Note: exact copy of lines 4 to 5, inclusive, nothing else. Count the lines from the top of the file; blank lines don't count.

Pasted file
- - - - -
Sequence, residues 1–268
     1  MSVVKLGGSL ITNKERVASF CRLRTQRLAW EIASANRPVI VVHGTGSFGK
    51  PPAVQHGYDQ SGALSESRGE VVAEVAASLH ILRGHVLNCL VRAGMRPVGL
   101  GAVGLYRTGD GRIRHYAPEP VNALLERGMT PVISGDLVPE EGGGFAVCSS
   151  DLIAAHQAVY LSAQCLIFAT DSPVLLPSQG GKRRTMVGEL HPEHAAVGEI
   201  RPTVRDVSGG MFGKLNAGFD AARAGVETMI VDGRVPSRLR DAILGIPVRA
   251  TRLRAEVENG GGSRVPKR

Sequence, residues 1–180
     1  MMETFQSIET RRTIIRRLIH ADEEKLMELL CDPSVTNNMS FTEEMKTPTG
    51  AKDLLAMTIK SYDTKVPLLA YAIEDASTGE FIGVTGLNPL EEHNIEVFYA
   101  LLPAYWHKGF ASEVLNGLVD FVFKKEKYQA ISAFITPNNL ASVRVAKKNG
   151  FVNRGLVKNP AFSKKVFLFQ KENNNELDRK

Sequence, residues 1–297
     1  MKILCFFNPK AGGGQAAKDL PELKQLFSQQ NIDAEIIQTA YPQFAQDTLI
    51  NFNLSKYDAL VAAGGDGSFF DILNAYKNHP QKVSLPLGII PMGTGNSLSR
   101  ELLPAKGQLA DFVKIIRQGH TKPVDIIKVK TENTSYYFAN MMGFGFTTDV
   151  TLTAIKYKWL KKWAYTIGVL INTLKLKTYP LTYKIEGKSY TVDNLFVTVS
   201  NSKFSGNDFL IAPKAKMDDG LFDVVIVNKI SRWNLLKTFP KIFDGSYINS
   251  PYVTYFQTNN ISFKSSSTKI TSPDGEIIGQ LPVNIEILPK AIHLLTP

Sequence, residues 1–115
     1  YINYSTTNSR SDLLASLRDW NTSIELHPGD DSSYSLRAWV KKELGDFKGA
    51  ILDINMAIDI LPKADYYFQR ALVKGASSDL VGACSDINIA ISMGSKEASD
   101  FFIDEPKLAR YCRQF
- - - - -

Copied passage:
   101  GAVGLYRTGD GRIRHYAPEP VNALLERGMT PVISGDLVPE EGGGFAVCSS
   151  DLIAAHQAVY LSAQCLIFAT DSPVLLPSQG GKRRTMVGEL HPEHAAVGEI